First off, thank you so much to everyone who entered the Guest Blog Contest Festival Event! There were actually so many spectacular entries that I decided to expand the number of contest winning slots. That's right folks, this blog is going seven days a week. Well. At least until I get back. So! Please come back tomorrow for the first guest blog post! I have notified the winners, but shant reveal them so as to preserve the surprise.
Also, there will be no Page Critique Friday this week or next as I'm out of the office. I'll be back on the 19th, enjoy the guest posts in the meanwhile.
Now then. Publishing news!
The biggest literary prize of them all, which you may know better as the Nobel Prize in Literature, was awarded to Peruvian Mario Vargas Llosa for "his cartography of structures of power and his trenchant images of the individual's resistance, revolt and defeat." He is the first South American to win the award since Gabriel Garcia Marquez in 1982. The US of A remains shut out since Toni Morrison's win in 1993.
In possibly just as big news, Jonathan Franzen had a tough week in the United Kingdom. First he discovered during a reading that the books that were printed were from an earlier draft and contained errors (HarperUK issued an apology). Then his glasses were stolen from his face. No. Really. Not joking. The perp was later caught, and Franzen didn't press charges. Don't miss Patrick Neylan's great roundup from the Guest Blog Contest.
The New York Post caught up with the owner of two of the most famous hands in the world: the hand model from the TWILIGHT COVER. (via GalleyCat)
In publishing economics news, the Wall Street Journal took a look at some of the factors behind declining advances in the publishing industry and their effect on literary fiction in particular. And a used book salesman who travels around scanning barcodes and trying to find profitable books talked about his profession and the unease and detachment he feels about his line of work.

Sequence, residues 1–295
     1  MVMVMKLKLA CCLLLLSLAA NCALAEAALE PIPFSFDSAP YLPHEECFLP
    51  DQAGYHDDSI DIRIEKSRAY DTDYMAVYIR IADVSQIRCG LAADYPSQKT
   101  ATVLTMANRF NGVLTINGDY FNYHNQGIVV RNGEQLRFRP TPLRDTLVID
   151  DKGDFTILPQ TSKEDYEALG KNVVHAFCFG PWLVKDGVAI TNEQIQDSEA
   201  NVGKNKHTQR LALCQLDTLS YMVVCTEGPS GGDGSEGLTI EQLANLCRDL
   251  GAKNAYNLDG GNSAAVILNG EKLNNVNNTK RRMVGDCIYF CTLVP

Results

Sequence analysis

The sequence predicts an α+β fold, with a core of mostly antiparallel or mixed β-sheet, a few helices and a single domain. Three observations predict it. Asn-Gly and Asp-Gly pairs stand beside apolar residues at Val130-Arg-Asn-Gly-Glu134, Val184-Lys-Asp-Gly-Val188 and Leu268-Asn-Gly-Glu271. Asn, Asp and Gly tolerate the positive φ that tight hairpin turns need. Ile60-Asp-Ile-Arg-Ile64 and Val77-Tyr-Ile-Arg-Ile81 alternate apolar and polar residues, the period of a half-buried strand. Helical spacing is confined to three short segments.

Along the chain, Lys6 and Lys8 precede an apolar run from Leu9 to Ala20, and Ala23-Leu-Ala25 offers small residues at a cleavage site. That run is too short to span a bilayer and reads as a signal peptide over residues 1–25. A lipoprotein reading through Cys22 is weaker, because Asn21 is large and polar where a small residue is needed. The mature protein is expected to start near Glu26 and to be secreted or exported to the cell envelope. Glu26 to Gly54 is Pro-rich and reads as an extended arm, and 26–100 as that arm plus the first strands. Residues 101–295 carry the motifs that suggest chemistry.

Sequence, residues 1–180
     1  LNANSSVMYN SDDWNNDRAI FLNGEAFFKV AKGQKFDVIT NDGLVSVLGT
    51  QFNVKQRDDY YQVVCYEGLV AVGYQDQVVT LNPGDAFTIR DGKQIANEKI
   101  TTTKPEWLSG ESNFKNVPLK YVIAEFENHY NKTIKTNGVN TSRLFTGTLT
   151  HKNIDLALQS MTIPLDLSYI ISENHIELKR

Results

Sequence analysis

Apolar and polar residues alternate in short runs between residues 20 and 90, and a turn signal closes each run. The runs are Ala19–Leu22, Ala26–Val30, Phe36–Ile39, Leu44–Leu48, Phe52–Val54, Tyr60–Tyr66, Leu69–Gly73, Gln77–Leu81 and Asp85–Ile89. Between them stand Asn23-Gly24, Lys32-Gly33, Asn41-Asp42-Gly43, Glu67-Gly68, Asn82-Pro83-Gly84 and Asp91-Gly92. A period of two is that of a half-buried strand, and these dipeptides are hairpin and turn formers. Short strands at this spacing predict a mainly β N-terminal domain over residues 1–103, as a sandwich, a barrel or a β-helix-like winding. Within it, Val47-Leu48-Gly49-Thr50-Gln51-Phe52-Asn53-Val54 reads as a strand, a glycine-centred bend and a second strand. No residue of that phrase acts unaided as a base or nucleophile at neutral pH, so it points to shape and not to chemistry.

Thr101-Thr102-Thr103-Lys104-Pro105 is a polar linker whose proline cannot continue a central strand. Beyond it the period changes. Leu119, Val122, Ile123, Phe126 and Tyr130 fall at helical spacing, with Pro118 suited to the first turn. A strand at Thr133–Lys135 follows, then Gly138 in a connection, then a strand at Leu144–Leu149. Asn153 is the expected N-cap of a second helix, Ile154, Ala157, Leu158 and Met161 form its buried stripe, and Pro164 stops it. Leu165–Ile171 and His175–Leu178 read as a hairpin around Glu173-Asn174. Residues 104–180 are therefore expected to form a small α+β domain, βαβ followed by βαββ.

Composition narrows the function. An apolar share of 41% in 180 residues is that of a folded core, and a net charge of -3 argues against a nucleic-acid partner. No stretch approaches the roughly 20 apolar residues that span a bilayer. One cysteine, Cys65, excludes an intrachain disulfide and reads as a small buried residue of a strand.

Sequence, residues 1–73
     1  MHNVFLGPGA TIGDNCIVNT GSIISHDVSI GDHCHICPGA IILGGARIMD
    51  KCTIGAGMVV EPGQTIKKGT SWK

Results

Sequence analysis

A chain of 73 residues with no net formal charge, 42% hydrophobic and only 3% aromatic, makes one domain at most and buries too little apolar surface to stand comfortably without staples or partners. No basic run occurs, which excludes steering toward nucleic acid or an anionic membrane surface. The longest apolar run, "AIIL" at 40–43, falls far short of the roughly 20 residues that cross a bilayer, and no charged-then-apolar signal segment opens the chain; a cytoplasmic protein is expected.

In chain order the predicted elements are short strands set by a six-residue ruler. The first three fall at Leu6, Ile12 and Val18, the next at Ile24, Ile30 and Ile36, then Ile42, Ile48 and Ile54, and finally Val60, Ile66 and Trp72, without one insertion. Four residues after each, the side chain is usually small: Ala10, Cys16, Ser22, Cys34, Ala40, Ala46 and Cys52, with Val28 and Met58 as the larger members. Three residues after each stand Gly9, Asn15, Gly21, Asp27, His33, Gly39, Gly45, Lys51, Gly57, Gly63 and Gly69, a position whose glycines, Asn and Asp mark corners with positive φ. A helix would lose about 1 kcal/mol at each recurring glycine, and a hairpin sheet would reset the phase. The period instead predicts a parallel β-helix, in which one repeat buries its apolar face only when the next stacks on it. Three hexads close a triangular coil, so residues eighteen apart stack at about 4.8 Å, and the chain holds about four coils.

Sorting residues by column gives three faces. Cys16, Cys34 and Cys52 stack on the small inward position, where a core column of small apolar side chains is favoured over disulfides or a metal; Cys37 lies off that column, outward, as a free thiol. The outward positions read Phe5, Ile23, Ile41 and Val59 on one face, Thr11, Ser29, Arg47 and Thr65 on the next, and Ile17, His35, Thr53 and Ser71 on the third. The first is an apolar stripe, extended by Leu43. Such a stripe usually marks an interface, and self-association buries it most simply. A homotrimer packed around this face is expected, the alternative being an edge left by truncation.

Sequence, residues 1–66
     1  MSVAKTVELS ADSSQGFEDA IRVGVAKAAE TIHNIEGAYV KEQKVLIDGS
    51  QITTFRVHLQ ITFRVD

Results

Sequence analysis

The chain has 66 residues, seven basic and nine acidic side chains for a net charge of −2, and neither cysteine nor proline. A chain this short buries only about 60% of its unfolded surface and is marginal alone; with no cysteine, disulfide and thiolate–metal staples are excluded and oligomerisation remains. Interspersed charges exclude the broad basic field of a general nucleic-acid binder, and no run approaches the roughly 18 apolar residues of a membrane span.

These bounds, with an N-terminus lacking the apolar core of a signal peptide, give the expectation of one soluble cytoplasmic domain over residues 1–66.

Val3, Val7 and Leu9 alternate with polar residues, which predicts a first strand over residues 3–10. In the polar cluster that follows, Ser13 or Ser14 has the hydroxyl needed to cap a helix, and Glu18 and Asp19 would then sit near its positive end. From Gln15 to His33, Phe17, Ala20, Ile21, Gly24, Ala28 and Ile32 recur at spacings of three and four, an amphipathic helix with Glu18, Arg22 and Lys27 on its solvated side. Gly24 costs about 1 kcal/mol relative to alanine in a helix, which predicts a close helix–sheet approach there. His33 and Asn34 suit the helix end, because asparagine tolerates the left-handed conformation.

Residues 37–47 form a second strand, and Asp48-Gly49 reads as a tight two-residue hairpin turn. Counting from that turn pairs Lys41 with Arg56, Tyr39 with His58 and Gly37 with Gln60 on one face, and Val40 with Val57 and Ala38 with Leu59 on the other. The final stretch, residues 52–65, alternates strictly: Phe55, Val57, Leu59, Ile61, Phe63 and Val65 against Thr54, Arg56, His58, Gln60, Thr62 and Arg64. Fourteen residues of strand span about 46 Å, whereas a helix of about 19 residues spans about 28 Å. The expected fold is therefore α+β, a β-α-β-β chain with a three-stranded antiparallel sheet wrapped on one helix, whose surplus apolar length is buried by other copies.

And Malcolm Gladwell made some waves last week when he argued that social media is not an effective tool for social change. Writing for the New York Book Bench, Rollo Romig used Gladwell's article as a jumping off point to consider what social media and social change do have in common: narratives. And writing for Change Observer, Maria Popova argues that Gladwell is "#wrong" about social media.
This week in the Forums: the share your good news thread, getting excited about Scott Westerfield's BEHEMOTH, book recommendations for teen boys, how many books do you read a month, age progression in novels, and coming soon, NANOWRIMO!!
Comment! of! the! Week! J.T. Shea knocked this one out of the (Jurassic) park. In response to Wednesday's question about self-publishing:
If the publishing dinosaurs do die out, I have a completely original plan. Let's get their DNA from flies that sucked their blood and then got stuck in tree sap that later turned into amber. Then we fill in the gaps with reptile DNA (among other stupid mistakes) and clone them on a secret island theme park off the coast of Central America. Then we invite families with children to get eaten...I mean entertained by the revived dinosaurs.
I can see it now. 'Run, Lex! It's the Elsevierosaur! Oh no! There's Tyrannosaurus Random! And there's a Scholasticus right behind you! Not only will they tear you apart limb-from-limb and devour your remains, they'll try to give you only 25% of the Ebook net!'
And finally, the Rejectionist was kind enough to pass me this incredible, incredible link. Harry Potter's Facebook Page, Draco's Twitter account, Hagrid's Foursquare and more! Unbelievably funny.
Have a great weekend! See you when I'm back.